Case Law Details

Case Name : Aricent Technologies Holdings Ltd. Vs ACIT (ITAT Delhi)
Appeal Number : ITA No. 5708/Del/2019
Date of Judgement/Order : 23/12/2019
Related Assessment Year : 2015-16
Courts : All ITAT (7464) ITAT Delhi (1758)

Aricent Technologies Holdings Ltd. Vs ACIT (ITAT Delhi)

Conclusion: Credit for tax deducted at source, which was deducted from the account of the deductee, by the deductor, was to be allowed as taxes paid in the hands of the deductee, irrespective of the fact whether the same had been deposited by the deductor to the credit of the Central Government or not.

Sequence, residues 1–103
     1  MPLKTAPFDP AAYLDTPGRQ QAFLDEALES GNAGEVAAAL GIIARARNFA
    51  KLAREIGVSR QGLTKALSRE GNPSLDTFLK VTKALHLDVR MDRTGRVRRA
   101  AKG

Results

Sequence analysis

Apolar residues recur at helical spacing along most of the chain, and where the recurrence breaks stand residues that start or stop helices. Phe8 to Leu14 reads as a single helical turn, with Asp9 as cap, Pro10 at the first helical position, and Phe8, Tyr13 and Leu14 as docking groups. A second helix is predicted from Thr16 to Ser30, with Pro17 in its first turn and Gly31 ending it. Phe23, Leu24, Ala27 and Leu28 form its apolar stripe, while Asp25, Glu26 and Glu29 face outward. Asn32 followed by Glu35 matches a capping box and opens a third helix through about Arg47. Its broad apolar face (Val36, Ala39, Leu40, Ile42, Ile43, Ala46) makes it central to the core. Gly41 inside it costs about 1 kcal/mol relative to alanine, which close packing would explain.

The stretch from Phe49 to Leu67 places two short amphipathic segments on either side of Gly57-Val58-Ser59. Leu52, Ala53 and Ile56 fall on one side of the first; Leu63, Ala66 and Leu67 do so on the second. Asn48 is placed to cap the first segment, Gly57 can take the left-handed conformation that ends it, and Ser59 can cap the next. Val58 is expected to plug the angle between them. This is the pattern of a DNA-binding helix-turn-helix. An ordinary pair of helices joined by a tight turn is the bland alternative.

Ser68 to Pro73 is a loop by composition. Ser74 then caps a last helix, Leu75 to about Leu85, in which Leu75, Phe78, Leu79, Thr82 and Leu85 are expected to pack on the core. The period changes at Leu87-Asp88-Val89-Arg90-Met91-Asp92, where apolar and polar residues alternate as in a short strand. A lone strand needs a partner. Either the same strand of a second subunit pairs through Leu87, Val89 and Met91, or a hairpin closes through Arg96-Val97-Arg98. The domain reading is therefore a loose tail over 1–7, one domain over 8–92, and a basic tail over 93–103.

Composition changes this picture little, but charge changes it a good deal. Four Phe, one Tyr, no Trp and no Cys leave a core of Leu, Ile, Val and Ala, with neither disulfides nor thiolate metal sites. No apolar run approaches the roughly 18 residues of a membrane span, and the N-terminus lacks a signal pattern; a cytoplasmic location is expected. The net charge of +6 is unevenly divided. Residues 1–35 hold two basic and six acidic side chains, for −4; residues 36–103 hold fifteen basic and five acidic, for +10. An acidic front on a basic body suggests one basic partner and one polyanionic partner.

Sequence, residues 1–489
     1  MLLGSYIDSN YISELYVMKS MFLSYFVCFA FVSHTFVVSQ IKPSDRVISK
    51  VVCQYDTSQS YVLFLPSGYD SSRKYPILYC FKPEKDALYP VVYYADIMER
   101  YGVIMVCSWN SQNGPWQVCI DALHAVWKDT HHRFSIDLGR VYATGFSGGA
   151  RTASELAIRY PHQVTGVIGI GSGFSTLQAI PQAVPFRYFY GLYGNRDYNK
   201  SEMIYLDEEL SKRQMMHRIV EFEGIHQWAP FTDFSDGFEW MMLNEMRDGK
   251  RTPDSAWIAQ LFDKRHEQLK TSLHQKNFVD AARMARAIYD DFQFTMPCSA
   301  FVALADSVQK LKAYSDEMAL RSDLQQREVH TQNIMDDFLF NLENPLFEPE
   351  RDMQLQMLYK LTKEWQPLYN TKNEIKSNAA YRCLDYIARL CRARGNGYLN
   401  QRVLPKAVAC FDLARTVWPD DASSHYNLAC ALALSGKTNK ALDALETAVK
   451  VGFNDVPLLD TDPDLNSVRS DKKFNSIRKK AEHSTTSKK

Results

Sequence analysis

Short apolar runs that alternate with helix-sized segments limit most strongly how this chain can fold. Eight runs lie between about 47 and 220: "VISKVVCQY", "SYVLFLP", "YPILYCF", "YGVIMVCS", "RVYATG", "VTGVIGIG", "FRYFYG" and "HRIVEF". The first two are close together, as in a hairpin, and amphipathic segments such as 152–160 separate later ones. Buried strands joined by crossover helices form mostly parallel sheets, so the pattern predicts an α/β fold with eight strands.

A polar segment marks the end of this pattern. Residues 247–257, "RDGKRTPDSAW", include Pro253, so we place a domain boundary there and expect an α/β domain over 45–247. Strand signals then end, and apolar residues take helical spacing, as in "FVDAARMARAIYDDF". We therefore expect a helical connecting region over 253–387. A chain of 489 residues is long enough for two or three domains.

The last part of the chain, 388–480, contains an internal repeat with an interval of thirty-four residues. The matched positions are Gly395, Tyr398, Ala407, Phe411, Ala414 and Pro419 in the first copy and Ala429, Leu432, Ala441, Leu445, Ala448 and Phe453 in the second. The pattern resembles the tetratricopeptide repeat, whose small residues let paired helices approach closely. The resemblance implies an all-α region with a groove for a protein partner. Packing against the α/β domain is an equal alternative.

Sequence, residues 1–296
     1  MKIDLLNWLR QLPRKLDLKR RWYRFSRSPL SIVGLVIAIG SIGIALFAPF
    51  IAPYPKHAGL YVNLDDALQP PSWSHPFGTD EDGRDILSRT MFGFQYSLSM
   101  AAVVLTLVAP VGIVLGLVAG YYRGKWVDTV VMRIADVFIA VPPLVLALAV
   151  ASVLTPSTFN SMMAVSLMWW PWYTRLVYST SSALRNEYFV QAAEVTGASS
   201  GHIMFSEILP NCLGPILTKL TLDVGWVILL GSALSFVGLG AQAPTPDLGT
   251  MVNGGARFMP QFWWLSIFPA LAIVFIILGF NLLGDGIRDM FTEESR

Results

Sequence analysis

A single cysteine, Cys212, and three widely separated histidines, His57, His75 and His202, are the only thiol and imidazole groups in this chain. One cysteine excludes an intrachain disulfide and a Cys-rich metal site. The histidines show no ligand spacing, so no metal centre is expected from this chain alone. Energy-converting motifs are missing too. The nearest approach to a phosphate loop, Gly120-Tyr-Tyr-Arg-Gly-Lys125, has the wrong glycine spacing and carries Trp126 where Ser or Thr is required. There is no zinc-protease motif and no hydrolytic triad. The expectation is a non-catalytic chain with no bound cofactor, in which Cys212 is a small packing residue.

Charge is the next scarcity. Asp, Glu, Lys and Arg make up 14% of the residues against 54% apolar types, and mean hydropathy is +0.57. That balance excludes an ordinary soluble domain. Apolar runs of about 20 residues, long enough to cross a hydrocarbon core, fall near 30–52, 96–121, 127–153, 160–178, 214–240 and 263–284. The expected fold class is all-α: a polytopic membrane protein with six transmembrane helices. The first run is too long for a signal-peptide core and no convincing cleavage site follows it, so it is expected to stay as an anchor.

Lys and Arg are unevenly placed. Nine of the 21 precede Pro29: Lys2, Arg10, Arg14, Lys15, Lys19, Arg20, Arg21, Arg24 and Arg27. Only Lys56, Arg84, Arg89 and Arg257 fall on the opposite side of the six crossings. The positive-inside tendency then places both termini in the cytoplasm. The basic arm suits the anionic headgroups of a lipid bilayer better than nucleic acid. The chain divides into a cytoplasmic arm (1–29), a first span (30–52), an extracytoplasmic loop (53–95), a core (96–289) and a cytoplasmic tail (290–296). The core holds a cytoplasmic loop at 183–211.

Held: Assessee had furnished the details party-wise of the amounts deducted out of payments due to assessee which amounted to Rs.18.79 crores. AO  as against the claim of Rs.18.79 crores had allowed credit for 16.57 crores. Assessee contended that firstly, in case subsequent to the processing of the assessment order, if changes were made in the Form No.26AS by the parties, who had deducted tax at source, out of the payment made to assessee, then the credit of the same should be allowed to assessee. Secondly, in case deductor deducted tax at source out of payments due / paid to the assessee; but did not deposit the tax withheld by it, then why should the assessee suffer? It was held that in terms of section 205, assessee/deductee could not be called upon to pay tax, to the extent to which tax had been deducted from the payments due. Consequently, it followed that credit for such tax deducted at source, which was deducted from the account of the deductee, by the deductor, was to be allowed as taxes paid in the hands of the deductee, irrespective of the fact whether the same had been deposited by the deductor to the credit of the Central Government or not. The deductee in such circumstances could not be denied credit of tax deducted at source on its behalf. Under the Act, the provisions were enshrined under which recovery of tax from the account of the person, who had deducted the such tax, were provided. Accordingly, where assessee was able to furnish the necessary details with regard to tax deduction at source out of the amounts due to it, then the action which followed was allowing the credit of such tax deducted at source to the account of the deductee. In case where the deductor deposited the tax deducted at source to the credit of the Central Government and the deduction reflected in Form No.26AS may be on a later date, then it was incumbent upon assessee to produce the necessary evidence in this regard and it was also the duty of AO to allow such credit of tax deducted at source, as taxes paid in the hands of the deductee assessee.